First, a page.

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How to Get Experts to Work Together Effectively

How should teams of experts working on knowledge-intensive projects be structured? Should they be hierarchical? Or will flexible, self-organized groups perform better? 
Teams often struggle with how to get the most value from the members’ expertise, to minimize conflict, to integrate their diverse expertise, and to leverage it during all phases of a project.

The traditional approach is to put the person with the most experience and expertise in charge — for example, a head coach or a chief programmer. The assumption is that this person has the expertise to make the best decisions about how to allocate tasks and responsibilities. Teams that adopt this model feature a rigid hierarchy, whereby final decisions are centralized through this single, formally designated individual.

The downside of this approach is that when projects increase in complexity and team size, the central individual can become a communication and coordination bottleneck for the team.

Another approach is to let teams self-manage. This approach is evident in, for example, agile software development methods. The assumption of this model is that team members are best equipped to match skills with needs and to organize their own tasks accordingly. These teams are characterized by broad, open sharing of expertise and by decentralized decision making. While this approach allows ideas to flow freely, it dramatically increases the number of people who need to frequently interact with each other. Thus the approach increases coordination demands and can reduce efficiency.

Whether centralization (star structure) or decentralization (wheel structure) leads to better team performance has been a long-standing debate in team management. Most managers recognize the inherent challenges in each model. Perhaps intuitively, many seek a spot in between: neither strict hierarchy nor boundless flexibility. But is this really the best way to work?

Our research reveals an unexpected answer.
We studied how expertise was organized in 71 software development teams in a large U.S. high-tech company during the design and implementation phases of projects. A total of 484 individuals participated in our study; they had an average of 12 years of experience. We asked team members to nominate up to four individuals with design expertise on each team and up to four individuals with technical expertise. Next, we asked them to assess how valuable the named individuals’ expertise is to their work. (We calculated a team’s network of expertise by weighing how valuable their expertise was to their work.) We then created a network map of team expertise, based on the nominations and weighted by the reported value. This allowed us to use social network analysis to calculate the centralization of expertise for each team in the design phase and in the implementation phase.

To our surprise, we found that the highest-performing teams were the ones that adopted a different configuration of expertise depending on the needs of the project phase. They decentralized design expertise when identifying solutions, and then centralized technical expertise to build them.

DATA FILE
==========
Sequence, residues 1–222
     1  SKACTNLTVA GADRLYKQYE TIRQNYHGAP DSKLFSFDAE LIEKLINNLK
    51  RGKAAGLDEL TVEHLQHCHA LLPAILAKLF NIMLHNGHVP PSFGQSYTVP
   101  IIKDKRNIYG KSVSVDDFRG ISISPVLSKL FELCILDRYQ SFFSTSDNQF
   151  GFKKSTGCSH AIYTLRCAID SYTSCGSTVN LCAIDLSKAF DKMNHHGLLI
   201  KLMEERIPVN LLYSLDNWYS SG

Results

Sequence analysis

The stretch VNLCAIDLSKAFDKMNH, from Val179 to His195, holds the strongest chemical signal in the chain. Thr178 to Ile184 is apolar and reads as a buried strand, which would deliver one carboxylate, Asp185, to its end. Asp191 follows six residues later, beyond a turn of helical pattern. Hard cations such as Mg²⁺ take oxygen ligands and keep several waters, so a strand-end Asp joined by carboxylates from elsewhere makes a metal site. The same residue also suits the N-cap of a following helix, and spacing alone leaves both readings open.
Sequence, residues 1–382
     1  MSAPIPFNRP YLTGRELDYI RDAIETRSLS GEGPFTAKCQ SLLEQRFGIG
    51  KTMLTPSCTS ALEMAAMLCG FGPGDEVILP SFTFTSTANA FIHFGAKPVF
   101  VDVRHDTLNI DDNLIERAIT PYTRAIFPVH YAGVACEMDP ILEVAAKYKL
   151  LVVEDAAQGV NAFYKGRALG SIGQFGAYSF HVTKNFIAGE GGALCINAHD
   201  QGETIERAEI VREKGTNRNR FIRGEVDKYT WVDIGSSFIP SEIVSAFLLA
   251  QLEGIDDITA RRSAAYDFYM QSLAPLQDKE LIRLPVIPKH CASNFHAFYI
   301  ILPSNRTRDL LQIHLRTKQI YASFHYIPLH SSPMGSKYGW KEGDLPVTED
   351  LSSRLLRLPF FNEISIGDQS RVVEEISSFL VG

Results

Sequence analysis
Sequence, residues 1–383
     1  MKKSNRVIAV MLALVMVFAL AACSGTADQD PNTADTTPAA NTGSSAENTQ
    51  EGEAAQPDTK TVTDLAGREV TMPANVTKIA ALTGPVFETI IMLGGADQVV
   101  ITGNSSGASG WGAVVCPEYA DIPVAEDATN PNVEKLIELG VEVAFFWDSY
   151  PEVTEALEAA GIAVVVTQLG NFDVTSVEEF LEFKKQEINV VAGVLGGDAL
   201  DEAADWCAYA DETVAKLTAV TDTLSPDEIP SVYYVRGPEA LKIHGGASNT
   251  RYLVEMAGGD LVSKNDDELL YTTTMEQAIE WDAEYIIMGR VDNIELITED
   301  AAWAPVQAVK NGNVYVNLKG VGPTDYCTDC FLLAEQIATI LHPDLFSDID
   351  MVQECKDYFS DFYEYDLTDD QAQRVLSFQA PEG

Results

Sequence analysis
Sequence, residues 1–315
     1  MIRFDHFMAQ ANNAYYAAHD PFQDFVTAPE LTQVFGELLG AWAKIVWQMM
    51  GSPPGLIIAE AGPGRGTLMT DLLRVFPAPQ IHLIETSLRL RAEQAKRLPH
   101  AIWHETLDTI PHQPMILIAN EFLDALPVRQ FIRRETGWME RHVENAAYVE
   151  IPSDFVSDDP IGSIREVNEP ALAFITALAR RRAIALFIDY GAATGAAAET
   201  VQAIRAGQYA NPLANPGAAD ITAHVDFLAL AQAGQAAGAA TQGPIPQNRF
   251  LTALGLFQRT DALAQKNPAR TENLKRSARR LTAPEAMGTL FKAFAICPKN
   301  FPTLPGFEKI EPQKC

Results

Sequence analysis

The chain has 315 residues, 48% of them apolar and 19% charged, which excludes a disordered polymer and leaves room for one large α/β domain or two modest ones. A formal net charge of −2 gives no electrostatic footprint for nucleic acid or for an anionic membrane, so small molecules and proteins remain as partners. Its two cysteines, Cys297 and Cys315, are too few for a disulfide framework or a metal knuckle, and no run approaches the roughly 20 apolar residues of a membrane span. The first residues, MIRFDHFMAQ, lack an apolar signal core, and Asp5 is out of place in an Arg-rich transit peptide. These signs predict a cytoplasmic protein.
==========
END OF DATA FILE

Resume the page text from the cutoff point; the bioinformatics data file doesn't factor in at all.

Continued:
Additionally, if the knowledge required for the project was complex, novel, or otherwise difficult to share, decentralizing expertise during design and centralizing it during implementation became even more important. Teams following this pattern achieved higher ratings on multiple measures of performance: higher coordination success, less team conflict, increased team effectiveness, and higher client satisfaction.

Our findings suggest that different project phases require different ways of organizing expertise. Rather than doggedly following either a strictly centralized or decentralized approach, teams should recognize that the design and implementation phases deal with different kinds of knowledge. Specifically, in complex knowledge work the design phase favors divergent, creative exploration of a broad canvas of conceptualizations and ideas. Decentralized configuration of expertise is appropriate for this phase because:
  • By broadly eliciting and sharing expertise during the design phase, high-performing teams can achieve a better understanding of ill-structured, poorly understood problems, and converge on and design an optimal solution.
  • While figuring out what needs to get done — encompassing requirements, gathering, and design — a decentralized approach reduces team conflict and leads to more effective solutions.
  • Broadly tapping team members’ expertise reduces the risk of myopic, insular thinking that can occur in a rigid hierarchy. This was confirmed by our finding that the more difficult it was to articulate a design problem, the more important it was to involve team members broadly.

Later, as the team moves into implementing that solution, centralizing expertise more narrowly among a few designated experts is appropriate because:
  • Building out a solution favors convergent deep knowledge of how best to concretely implement a solution.
  • Centralizing design expertise avoids the pitfalls of analysis paralysis. During implementation phase, a focus on building leads to increased efficiency.
  • For implementing an already identified and specified design, having centralized expertise and clearly defined roles and responsibilities reduces team conflict and reduces coordination requirements.

This research suggests that when managers are staffing, organizing, and managing knowledge projects, they should embrace flexible organization of expertise — based on the needs of the project phase — in order to maximize team performance.

- Sri Kudaravalli , Samer Faraj and Steven L. Johnson

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